Today journalists gathered to hear the much-anticipated ‘water resilience plan’ which was unveiled by the Mayor of the City of Cape Town.

We’ve gathered a collection of tweets and media which were tweeted today during proceedings, to provide an accurate picture of what the plan will be going forward.

 

To summarize, the City aims to get an additional 500 million litres of water into the City daily, by means of desalination, groundwater extraction, and water re-use. The breakdown has been laid out as follows:

Technology Total Ml/day per technology Locations
Immediate and first tranche
Groundwater extraction 100 Atlantis and Silverstroom, Cape Flats, Cape Peninsula, Hottentots Holland
Desalination – land-based containers 50 Koeberg, Silverstroom, Woodbridge Island, Granger Bay, Hout Bay, Red Hill, Strandfontein, Monwabisi, Harmony Park
Desalination – barge 50 Cape Town Harbour
Second trenche
  Water reuse 50 Zandvliet Wastewater Treatment Works, Bellville Wastewater Treatment Works, Fisantekraal Wastewater Treatment Works, Potsdam Wastewater Treatment Works, Cape Flats Wastewater Treatment Works, Macassar Wastewater Treatment Works
Desalination – land-based permanent 50 Cape Town Harbour
Extreme Trenche
Desalination – marine-based 200 Cape Town Harbour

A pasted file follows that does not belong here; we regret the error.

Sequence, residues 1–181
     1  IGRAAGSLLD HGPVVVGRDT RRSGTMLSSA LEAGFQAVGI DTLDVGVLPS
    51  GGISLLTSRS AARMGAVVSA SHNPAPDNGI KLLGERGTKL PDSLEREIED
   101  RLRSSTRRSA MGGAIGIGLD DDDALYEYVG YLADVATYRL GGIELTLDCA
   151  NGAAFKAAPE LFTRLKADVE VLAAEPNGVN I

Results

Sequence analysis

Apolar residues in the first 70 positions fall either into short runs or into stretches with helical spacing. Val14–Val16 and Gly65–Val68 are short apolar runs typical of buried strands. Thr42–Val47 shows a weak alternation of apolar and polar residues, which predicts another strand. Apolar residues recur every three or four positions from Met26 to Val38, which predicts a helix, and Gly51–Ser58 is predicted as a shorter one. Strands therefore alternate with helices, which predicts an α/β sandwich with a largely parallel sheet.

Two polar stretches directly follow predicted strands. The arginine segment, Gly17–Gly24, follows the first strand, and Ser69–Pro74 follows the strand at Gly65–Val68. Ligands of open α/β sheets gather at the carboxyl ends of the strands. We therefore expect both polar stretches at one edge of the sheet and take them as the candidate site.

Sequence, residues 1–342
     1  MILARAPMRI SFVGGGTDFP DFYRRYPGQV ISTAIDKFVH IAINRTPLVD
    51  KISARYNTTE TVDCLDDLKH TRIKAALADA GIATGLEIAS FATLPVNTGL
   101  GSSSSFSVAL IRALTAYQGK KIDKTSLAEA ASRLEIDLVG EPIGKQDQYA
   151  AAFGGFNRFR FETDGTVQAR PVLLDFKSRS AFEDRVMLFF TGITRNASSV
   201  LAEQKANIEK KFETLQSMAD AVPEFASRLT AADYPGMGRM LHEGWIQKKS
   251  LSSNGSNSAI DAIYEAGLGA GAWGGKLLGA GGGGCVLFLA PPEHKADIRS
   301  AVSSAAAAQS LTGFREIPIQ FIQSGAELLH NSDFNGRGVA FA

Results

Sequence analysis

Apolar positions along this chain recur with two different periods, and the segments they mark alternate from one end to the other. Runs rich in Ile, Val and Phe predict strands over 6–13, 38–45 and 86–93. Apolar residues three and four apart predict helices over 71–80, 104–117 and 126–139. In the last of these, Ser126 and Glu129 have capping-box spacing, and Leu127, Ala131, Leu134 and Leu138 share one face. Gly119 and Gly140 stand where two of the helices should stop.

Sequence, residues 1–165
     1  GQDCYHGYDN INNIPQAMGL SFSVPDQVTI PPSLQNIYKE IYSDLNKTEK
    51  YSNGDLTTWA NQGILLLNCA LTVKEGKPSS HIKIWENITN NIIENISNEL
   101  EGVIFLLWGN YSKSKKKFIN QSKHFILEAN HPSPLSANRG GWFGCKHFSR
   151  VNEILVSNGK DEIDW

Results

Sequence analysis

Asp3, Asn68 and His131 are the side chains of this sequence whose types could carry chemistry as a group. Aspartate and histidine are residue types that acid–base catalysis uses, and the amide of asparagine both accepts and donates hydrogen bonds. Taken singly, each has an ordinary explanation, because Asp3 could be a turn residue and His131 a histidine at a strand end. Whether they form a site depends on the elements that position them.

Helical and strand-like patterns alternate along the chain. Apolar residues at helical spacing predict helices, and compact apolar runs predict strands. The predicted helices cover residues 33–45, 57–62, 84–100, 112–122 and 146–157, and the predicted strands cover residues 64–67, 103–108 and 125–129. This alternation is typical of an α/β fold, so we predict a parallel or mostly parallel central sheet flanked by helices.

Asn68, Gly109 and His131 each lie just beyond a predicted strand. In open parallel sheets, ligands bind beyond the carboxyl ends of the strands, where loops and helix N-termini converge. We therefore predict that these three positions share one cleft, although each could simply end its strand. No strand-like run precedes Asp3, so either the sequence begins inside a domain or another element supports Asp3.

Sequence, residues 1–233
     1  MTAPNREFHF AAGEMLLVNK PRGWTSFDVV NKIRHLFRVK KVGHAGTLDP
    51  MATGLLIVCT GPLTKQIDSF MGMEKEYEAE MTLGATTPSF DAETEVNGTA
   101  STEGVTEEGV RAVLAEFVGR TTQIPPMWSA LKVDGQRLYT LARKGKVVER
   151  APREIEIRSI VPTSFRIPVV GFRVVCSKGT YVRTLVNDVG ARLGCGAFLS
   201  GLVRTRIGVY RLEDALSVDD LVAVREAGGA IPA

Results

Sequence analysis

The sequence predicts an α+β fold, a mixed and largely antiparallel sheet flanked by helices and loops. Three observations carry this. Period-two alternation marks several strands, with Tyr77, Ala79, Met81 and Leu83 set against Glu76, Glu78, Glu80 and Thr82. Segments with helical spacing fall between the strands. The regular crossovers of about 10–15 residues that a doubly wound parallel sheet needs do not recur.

Gordons Bay
Total 500

To quote the statement released by the City, there is additionally a planned augmentation of 10 Ml/day from the TMG aquifer and 1 Ml/day from the Oranjezicht Spring. Both these initiatives featured in the drought response prior to the launch of the Water Resilience Portfolio Response in May.

The City’s Chief Resilience Officer (CRO) forecasts that up to R2 billion rand will be spent on capital projects during the current and next financial year, while an amount of R1.3 billion has been projected as the operating costs to supply this water.

Quoting the City further, the conclusion was that ‘there are numerous other initiatives related to household and business adaptation that are under way which will be announced in due course. The strategic phase includes a number of initiatives, such as improving efficiencies in the Western Cape Water Supply System, rehabilitation of catchments outside of Cape Town’s jurisdiction, and improved management and use of stormwater. The water resilience approach has both short- and long-term ambitions.’

We’ll keep you posted with further updates.

 

Photography City of Cape Town

 

Article written by

Justin Williams

Justin Williams is a born-and-bred Capetonian with a flair for writing. His icons include the late South African authors Lawrence Green, Eric Rosenthal and T.V. Bulpin, literary figures who continuously inspire him to cover the avenues of lifestyle, travel and nature in a local context. When Justin's not covering a story, he can be found in the mountains - he's a renowned wild food forager and is currently studying herbalism.